The full half of the cup and the key to freedom
So here we are. January 2021.
On the one hand, it seems like there’s hope with the C-19 vaccination. On the other hand, we’re in lockdown #3 and Covid cases are on the rise. To be optimistic or to be pessimistic, that is the question… We have little (if any) control over what’s happening around us. Health and government authorities are making the decisions, hopefully in our best interest. Time will tell if indeed that’s the case.
Sometimes the reality is so confusing (or depressing…) that you just want to look somewhere else. That’s what I recently did. With travelling options being limited, I concluded that staying at home with some good books and a hot soup was the best deal at this point in time. Being that the atmosphere and mindset is that ‘these are hard times, I chose books about people who dealt with ‘hard times’ and told their story.
It put things into a new perspective.
The first book was “Shirat Miriam” written by Miriam Peretz. We all know about Miriam Peretz who lost two of her sons who were killed during their army service. Her book reveals that there’s a lot more to her story. It encompasses the trials and tribulations that our society has and continues to experience since the establishment of the State of Israel. Prior to making Aliyah from Morocco in the early 1960s she and her family experienced poverty and discrimination. Making aliyah was realizing their dream but far from the end of their hardships. Nevertheless, she describes the difficulties as challenges and harbors no bitterness towards the establishment that ran the young state in almost impossible conditions. She’s consistently on the lookout for the ‘full half of the cup,’ focusing on and being thankful for the little that she and her family had. Miriam describes how despite being ‘dirt poor’ and dealing with the difficulties of acclimating to a new society and lifestyle, her family always found a way to contribute and help others, and never once floundered in their belief and commitment to the Land or the State of Israel. They appreciated that they were part of a big ‘picture,’ the realization of the dream of thousands of years.
The second book is “Fear no Evil” by Natan Sharansky. Most of us are familiar with Natan Sharansky’s story. As a Jewish dissident and activist he was jailed in (the former) USSR for 12 years, in harsh and inhumane conditions. His ‘crime’: being proud of his Jewish identity and aspiring to make aliyah to Israel. His courageous struggle came to symbolize the struggle of Soviet Jewry for their human rights against the oppressive Soviet regime. The story has a ‘happy ending’ since he was eventually freed and joined his wife Avital who had been able to make aliyah 12 years prior to his release from jail. Indeed the ‘happy ending’ is maintained in our collective memory, yet only upon reading the book did I get a full picture of what transpired throughout his years in confinement. Apparently he was mistreated and suffered brutal physical and mental abuse throughout that time. Yet amazingly, his spirit remained strong and steadfast. Instead of being depressed and forlorn, he managed to maintain a sense of humor and a relatively high morale considering his circumstances. He credits this accomplishment to one basic principle that he adhered to even during the most painful days – that his captors had control over the physical aspects of his existence, but they could not confine his soul, and despite being imprisoned, he was free to feel and think as he wished, because that’s what true freedom is about. That’s what enabled his sense of humor and faith to persevere throughout his incarceration. The uncertainty and suffering could have easily led to despair, but instead he saw humor and hope even in the most despondent situations.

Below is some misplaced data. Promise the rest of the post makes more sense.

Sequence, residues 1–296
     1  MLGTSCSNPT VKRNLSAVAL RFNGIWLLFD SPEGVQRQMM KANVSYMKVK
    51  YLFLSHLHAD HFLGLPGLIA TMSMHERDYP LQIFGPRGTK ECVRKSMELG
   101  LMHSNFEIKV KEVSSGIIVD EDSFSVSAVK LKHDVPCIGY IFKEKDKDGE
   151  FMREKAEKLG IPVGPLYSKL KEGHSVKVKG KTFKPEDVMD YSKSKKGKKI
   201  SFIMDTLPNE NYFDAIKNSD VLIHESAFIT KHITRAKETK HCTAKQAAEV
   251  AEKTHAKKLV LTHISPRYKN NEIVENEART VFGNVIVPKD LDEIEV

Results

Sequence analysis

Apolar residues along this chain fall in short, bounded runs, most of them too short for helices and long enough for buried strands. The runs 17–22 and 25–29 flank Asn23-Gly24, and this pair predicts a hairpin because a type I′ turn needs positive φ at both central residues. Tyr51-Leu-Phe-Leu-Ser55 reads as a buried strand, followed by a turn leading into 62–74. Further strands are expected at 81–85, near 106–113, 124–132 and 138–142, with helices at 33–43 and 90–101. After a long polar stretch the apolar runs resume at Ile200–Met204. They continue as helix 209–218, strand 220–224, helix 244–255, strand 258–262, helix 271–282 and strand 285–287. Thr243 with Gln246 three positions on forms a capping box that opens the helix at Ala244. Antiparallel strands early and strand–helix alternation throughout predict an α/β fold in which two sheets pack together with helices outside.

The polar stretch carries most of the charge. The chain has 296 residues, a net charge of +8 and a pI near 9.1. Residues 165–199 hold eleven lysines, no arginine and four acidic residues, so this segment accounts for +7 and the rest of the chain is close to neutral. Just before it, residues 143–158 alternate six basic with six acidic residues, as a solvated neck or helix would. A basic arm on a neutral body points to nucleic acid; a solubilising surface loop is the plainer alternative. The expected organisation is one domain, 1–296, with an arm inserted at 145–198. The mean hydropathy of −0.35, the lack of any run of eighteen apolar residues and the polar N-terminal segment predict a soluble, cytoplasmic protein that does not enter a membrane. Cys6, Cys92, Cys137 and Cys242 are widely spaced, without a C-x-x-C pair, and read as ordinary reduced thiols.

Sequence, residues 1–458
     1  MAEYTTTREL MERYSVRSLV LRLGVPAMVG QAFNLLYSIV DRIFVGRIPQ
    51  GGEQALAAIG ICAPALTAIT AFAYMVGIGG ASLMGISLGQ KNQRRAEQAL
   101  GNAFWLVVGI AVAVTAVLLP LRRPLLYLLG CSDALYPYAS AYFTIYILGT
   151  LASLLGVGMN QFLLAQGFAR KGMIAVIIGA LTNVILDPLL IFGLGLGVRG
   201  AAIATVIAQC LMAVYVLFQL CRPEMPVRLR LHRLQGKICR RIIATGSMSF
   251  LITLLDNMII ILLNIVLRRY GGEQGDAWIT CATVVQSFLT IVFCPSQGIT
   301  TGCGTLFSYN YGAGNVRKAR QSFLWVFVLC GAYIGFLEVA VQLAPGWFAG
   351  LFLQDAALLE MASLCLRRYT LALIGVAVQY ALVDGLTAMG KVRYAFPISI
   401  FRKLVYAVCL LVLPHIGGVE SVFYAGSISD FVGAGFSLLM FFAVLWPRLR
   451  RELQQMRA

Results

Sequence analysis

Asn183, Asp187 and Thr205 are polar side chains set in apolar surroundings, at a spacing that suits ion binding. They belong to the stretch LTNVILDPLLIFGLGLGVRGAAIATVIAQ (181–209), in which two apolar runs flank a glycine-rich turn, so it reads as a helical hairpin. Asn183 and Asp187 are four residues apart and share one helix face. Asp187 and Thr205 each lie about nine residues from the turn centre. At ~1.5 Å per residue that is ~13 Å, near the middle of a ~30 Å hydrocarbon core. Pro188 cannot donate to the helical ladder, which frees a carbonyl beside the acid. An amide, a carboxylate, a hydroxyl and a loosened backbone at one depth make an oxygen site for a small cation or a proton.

These two books put January 2021 in a whole new light:
- True, there’s a lot to complain about. However, taking my cue from Miriam Peretz, I’d rather look for what to be thankful for and see where I can contribute to others.
- Even when we are confined in lockdown or quarantine, there are various ways to perceive the situation. Here I take my cue from Natan Sharansky. No one can lockdown my spirit. I can choose if I laugh or cry. That’s freedom!
What I’ve absorbed from these two books is relevant not only to lockdown. I’ve learned that basically we can choose how we perceive and how we react to any situation. This insight can affect every aspect in our lives, especially our relationships. We can choose to focus on the positive in our children and our spouses, and by doing so we enhance the good. And we can free ourselves of preconceived notions regarding our relationships which keep us ‘locked’ and often quite miserable.
I believe that these insights are particularly important in light of the expectations regarding the short and long term effects that the Covid crisis will have on our lives. We’re being incessantly bombarded with dire predictions… Children will not receive a proper education, some may even remain illiterate to a certain degree… The strain of lockdown and its effects will cause an upsurge in divorce… Emotional stability will be impaired and ultimately lead to an unprecedented rise in mental illnesses… And the list goes on, in the vein of ‘if anything can go wrong, it will’.
But we don’t have to buy it. We can expect more. These books taught me that even in challenging times, replete with tension and uncertainty we can choose if the situation controls us or if we control the situation. The key is in our hands. Just knowing that is freedom!